On Sarah McLachlan & Her Music
Sarah McLachlan was among the female Alternative Pop artists who shot to commercial popularity amidst the Alternative Rock music explosion in the 1990s—alongside the likes of Alanis Morissette, Tori Amos, and Natalie Imbruglia. In the Philippines, many fans remember her especially for the song “Adia,” which was a commercial radio staple in that decade. My favorite song by McLachlan is “Vox.”
The Artist & the Songs
Born on January 28, 1968, the singer-songwriter Sarah McLachlan hailed from Halifax, Nova Scotia, Canada. To date she has released eight studio albums: ‘Touch’ (1988), ‘Solace’ (1991), ‘Fumbling towards Ecstasy’ (1993), ‘Surfacing’ (1997), ‘Afterglow’ (2003), ‘Wintersong’ (2006), ‘Laws of Illusion’ (2010), and ‘Shine On’ (2014). She broke into the international commercial music scene with her fourth album, especially because of the songs “Adia,” “Angel,” “Sweet Surrender,” and “Building a Mystery.”
Other recommended songs off her discography are “Out of the Shadows,” “Vox,” “Into the Fire,” “I Will Not Forget You,” “Ice,” “Hold On,” “Fallen,” “World on Fire,” “Wintersong,” “In the Bleak Mid-Winter,” “Illusions of Bliss,” “Rivers of Love,” “Song for My Father,” and “The Sound that Love Makes.”
Concert Review (‘Shine On Tour,’ Nov. 3, Centennial Hall, Winnipeg)
The Winnipeg leg of McLachlan’s ‘Shine On’ Tour was successful and delightful. Centennial Hall was filled to the rafters, so to speak. The audience was comprised by mostly couples and friends in their late ’40s or above, the reason the show exuded an air of formality and relatively quiet music appreciation. Every song rendered by McLachlan and her four-musician backing band (guitarist, bassist, keyboardist, drummer) sounded so good—pristine-sounding and precise and yet still pounding—as if you were listening to an actual record. The setlist was a good mix of her earlier materials and songs from the latest album. McLachlan, as usual, showcased not only her singing prowess but also her proficiency in playing her instruments—piano and guitar; she also played the ukulele in the concert’s closer. Obviously, the majority of the audience offered their loudest applause for McLachlan’s more familiar tunes, particularly “I Will Remember You” and “Adia.” Personally, however, I welcomed her new materials with the same amount of appreciation; I especially liked the keyboard parts of songs from the latest album—very melodic and subtly orchestrated with catchy introductory interludes. The album’s being too personal could also be felt in its musicality. (She dedicated it to the passing of her father.) The highlight of the show was the intermission portion in which McLachlan invited some members of the audience to join her onstage; there was a living-room couch there that served as the setting for their casual-style conversation. Aside from giving the lucky individuals a chance to take selfies with her, she also prodded them to ask her questions, which she promptly answered. Here are three questions off that gimmick that I find worth sharing.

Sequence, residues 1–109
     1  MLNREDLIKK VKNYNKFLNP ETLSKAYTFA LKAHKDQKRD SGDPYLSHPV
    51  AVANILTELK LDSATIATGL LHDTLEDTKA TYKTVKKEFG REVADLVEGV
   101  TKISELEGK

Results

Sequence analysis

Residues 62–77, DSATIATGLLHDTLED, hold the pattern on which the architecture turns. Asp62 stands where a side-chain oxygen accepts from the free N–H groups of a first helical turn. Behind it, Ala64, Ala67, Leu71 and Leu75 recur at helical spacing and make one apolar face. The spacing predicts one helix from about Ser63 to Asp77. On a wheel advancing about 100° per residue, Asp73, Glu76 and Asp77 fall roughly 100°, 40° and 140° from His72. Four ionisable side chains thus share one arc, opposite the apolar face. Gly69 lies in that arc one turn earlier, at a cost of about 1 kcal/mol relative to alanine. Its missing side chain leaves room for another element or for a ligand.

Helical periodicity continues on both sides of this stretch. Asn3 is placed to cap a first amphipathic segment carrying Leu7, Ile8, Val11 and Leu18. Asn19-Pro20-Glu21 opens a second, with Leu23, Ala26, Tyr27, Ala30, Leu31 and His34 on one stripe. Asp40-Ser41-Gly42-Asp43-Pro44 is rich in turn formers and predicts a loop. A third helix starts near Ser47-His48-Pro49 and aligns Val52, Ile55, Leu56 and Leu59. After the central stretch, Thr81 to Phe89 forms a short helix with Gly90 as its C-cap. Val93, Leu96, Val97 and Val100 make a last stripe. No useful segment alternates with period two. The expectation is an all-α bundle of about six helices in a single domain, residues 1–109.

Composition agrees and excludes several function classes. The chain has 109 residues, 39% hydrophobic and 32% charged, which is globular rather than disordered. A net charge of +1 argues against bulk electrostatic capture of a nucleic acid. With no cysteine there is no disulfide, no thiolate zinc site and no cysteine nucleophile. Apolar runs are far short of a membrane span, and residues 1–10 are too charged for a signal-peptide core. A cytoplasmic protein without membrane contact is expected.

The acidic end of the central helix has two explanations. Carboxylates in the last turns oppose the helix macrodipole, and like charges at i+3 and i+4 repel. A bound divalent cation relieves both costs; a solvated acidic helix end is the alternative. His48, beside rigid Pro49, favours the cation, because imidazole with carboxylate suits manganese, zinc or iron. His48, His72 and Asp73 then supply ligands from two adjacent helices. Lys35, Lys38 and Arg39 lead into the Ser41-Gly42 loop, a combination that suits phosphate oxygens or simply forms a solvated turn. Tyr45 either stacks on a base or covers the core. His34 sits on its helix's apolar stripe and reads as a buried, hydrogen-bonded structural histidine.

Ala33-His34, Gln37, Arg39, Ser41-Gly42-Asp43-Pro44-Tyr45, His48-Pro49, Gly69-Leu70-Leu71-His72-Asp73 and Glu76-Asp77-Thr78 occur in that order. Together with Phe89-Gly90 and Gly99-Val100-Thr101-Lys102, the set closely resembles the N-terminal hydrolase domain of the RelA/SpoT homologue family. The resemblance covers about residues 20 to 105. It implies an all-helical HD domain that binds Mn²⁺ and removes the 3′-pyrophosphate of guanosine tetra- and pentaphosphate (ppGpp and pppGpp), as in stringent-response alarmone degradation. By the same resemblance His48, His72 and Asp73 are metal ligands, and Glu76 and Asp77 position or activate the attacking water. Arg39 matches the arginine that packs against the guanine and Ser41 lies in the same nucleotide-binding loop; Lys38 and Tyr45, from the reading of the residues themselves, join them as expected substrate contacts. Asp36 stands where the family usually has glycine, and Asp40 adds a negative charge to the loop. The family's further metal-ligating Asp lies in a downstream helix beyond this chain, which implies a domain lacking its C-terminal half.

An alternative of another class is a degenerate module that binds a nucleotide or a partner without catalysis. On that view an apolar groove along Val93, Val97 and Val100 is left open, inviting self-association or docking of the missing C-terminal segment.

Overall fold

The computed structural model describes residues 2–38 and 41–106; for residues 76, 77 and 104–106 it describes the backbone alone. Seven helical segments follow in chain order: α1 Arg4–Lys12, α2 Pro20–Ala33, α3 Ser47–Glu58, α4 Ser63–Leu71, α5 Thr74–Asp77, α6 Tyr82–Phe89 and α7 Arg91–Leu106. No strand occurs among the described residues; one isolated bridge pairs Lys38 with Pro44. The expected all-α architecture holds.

What was the first instrument that you learned to play? “The ukulele; I was three. I was six or seven when my mom let me play the guitar.” Wonderfully, McLachlan finished off the show with the last track off her latest album, “The Sound that Love Makes,” in which she played the ukulele.
What were your early influences? “Joan Baez, Simon & Garfunkel, Peter Gabriel, Kate Bush, Cocteau Twins, and many European New Wave bands from the ’80s.” [I was the only one in the audience who shouted yeah when she cited Cocteau Twins as one of her influences.]
Whom do you like better—Madonna or Lady Gaga? [Paused for a while] “I like the early Madonna. The Madonna now has become a bit harsh to her fans. There was a recent concert in which she was telling the fans that they were not cheering loudly enough for her. I like Lady Gaga too; she’s very talented; but her choice of costumes could be quite interesting.”
McLachlan’s music may be classified as Pop Rock or Alternative Pop. It has obvious elements of Pop, Rock, Country, Folk, and a bit of Celtic and New Wave.
The songs that many fans of McLachlan cite as their favorites are usually “Adia” and “I Will Remember You.” Mine though is “Vox,” from her first album, ‘Touch’ (1988). As a New Wave enthusiast, I easily heard the New Wave influence in that song. After all, when asked about her early musical influences, McLachlan included “Cocteau Twins and many European New Wave bands” in her answer.